Artist Spotlight: Mick Gordon
Do you hear that? The guitar? The chainsaws? The 18-part distortion setup? The man literally too angry to die, rampaging through endless hordes of demonic forces? That’s right. It’s time.
Mick Gordon got his start in 2006 when he helped with music and sound design on the games “Hot Dog King” and “Destroy All Humans! 2.” He continued to work in the industry through 2007 with “Nicktoons: Attack of the Toybots” and 2008 with “El Tigre: The Adventures of Manny Rivera.”
In 2009 he began branching out more, contributing to “Real Racing,” “Need for Speed: Shift” and “Marvel Super Hero Squad.” In 2010 he composed for “Avatar The Last Airbender,” “Need for Speed: World” and “Marvel Super Hero Squad: The Infinity Gauntlet,” and lent his skills in sound effect design to “Real Racing 2.”
He continued his relentless work in 2011, collaborating with a list of other artists on “Shift 2: Unleashed” and composing for “Marvel Super Hero Squad: Comic Combat” and “Need for Speed: The Run.” In 2012 he was sound designer for the “A Day in Pompeii” exhibit at the Museums Victoria and for “Battle Group.”
In 2013 he was a sound designer for “Real Racing 3” and a composer for “ShootMania Storm” and seasons one and two of the “Killer Instinct” reboot. In 2014 he provided some music for “Wolfenstein: The New Order.” He returned in 2015 with more music for “Wolfenstein: The Old Blood” and sound design for “Project CARS.”
2016, though, was his smash hit success as he fully composed the soundtrack for “Doom (2016).” I cannot B E G I N to overstate how phenomenal it is. But, that’s a tangent for a different time.
He saw continued success in 2017 when he composed music for “Prey,” “LawBreakers” and “Wolfenstein: The New Colossus.” He returned once again in 2019, lending musical support to the “Borderlands 3” soundtrack.
2020. Oh Boy. So, his first soundtrack release of 2020 was an indie game from late February known as “Beautiful Desolation.” Soon (and by soon I mean this Friday, March 20th) comes “Doom: Eternal.” The soundtrack is already out on YouTube, and it is just as glorious as the first, if not more so. I mean just, wow.
You’re going to see a consistent trend with the top five this week: Doom. All. Doom.
Number five is “At Doom’s Gate.” Mick took the original “Doom” theme and amped it up to ten. Guitars – check, distortion – check. Slowing it down to sound more like heavy metal – you know that’s a check. And, the mad lad created the guitar sound at the drop by combining his guitar with the original chainsaw from 1993.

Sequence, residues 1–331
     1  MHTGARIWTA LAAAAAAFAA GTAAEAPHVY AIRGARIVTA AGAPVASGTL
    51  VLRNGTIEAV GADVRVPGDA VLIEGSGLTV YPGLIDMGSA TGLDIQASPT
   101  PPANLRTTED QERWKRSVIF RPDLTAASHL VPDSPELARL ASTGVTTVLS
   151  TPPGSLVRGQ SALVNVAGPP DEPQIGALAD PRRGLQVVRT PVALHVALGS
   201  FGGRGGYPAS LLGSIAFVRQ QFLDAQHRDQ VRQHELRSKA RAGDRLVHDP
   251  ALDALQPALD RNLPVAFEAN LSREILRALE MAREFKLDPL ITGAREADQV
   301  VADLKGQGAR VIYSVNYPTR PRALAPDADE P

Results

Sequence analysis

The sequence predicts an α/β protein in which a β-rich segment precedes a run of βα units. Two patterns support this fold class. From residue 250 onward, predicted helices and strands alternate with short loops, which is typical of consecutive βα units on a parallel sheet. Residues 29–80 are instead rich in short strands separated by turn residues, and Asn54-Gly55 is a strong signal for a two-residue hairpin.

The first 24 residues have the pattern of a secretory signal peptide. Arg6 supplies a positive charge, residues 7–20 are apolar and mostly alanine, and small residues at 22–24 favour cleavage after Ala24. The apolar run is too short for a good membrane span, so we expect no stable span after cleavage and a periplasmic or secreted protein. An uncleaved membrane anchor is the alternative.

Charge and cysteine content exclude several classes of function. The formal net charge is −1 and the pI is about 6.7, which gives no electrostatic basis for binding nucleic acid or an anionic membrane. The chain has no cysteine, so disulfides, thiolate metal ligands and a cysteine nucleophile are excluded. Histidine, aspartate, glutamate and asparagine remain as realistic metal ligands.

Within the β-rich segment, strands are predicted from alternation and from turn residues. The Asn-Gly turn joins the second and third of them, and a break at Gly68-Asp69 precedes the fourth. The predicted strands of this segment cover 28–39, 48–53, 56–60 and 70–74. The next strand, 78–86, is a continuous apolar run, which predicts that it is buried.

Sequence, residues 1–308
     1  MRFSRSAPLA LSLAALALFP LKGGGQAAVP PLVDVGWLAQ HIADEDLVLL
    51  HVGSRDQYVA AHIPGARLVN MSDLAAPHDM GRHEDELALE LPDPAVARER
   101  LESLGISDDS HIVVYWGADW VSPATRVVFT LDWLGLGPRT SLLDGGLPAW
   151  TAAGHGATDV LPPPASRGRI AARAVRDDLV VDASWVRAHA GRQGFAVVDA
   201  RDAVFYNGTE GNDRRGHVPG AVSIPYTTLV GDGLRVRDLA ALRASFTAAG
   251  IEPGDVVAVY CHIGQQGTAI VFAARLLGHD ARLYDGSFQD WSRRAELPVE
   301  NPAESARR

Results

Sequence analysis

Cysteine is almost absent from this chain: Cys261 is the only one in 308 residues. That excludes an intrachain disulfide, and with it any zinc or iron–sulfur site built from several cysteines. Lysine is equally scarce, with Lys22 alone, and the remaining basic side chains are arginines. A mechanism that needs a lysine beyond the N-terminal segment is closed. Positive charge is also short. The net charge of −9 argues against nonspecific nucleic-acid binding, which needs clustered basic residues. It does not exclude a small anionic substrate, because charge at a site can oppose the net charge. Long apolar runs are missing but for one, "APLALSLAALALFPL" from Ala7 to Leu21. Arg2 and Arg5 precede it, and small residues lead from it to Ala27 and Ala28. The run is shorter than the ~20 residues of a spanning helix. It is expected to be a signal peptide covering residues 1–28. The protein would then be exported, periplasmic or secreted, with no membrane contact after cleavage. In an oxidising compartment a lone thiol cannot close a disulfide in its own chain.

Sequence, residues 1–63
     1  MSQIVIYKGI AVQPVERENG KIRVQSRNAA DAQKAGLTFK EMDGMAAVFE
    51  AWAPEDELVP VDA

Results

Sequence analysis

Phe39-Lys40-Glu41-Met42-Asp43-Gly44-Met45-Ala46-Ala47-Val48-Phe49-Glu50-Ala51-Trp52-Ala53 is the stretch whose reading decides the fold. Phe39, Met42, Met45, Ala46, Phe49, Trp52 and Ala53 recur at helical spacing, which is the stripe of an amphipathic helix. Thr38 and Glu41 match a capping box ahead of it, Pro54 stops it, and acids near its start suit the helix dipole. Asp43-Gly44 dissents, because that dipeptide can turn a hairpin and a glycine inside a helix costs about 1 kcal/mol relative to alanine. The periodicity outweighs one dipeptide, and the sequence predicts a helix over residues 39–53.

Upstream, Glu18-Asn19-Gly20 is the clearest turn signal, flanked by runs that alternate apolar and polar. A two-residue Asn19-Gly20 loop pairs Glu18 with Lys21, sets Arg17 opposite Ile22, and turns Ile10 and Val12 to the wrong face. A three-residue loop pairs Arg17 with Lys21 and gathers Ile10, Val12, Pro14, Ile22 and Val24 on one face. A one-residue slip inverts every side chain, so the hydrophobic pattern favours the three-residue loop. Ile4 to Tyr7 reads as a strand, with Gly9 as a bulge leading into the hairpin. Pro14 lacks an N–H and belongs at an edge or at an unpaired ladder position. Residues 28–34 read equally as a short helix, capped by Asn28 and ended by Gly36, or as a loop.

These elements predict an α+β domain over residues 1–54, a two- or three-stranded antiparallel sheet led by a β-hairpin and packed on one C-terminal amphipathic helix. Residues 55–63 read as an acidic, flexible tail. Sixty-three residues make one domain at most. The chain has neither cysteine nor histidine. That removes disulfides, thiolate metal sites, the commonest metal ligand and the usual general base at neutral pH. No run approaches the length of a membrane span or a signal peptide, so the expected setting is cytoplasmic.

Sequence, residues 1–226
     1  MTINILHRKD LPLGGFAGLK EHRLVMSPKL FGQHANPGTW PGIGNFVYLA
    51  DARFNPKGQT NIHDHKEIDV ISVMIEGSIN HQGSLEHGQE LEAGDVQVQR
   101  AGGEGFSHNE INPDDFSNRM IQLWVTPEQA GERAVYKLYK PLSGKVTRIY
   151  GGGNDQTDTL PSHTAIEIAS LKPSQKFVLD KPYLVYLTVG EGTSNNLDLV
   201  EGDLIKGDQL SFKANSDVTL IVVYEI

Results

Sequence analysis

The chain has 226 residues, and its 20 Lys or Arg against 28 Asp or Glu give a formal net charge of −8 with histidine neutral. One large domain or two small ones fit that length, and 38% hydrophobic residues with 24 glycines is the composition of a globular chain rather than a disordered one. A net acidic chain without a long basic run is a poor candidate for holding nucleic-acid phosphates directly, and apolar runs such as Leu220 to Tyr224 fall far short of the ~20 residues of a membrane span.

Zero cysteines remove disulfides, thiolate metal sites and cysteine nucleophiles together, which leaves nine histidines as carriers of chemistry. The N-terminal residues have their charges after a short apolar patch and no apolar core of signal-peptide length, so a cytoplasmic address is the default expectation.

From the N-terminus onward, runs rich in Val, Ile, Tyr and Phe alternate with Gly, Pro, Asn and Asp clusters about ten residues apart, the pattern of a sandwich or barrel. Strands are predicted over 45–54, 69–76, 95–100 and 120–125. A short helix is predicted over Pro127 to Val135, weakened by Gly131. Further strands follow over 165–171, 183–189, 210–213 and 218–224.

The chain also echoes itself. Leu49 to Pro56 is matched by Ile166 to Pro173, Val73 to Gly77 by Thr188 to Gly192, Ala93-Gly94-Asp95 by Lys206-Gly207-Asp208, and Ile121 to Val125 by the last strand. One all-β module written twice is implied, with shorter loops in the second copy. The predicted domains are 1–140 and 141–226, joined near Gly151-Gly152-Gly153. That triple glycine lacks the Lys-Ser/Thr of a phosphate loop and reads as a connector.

“BFG Division.” Nothing gets you pumped up faster than blasting this song at max volume. Menial tasks become increasingly more intense when combined with this song. And, the way it ebbs and flows between the intense guitar-and-hellish-screech chorus with the quieter buildups that all bring their own unique feel – perfect for demon slaying…or cleaning the sink.
Hailing from “Doom: Eternal,” “Nightmare” is the latest on the long list of increasingly intense boss music. You, of course, being the boss; not the monsters you face. It immediately makes itself known, with the droning guitar-chainsaw combo leading into heavy percussive kicks. Those loud moments of silence, the cuts between the sound, bring the whole piece together.
“Hellwalker.” Is it legal to make pause screen music this… amazing? Starting quietly, with everything more on the mezzo piano-ish side, the piece only grows as it chugs along. The early chorus cuts itself out, leading to moments of quiet that slowly build up until the final chorus, where everything clashes and unites into a wall of visceral sound.
Finally, “The Only Thing They Fear Is You.” Headlining the “Doom: Eternal” OST, this song doesn’t hold back. Screech, chainsaw-guitars and elements that can be heard later on in the soundtrack – it’s got it all. The music oscillates with intensity, never letting up too much, constantly keeping you on your toes for the next guitar strike.
But that isn’t all! In updates, Porter Robinson returns once again with “Something Comforting.” The second single released from his upcoming album “Nurture,” this piece is a duet between him and, well, him with a pitched-up voice. It shares the personal feel of “Get Your Wish,” embodying what it’s like to be alone and at your lowest point. I love the ending, as it glitches back and forth between Porter’s normal voice and his pitched-up persona: another winner on his part.
That’s all for this week. Will I be back next week? Who knows? As always, send feedback and criticism to [email protected] Stay safe these coming weeks and remember: rip and tear until it’s done.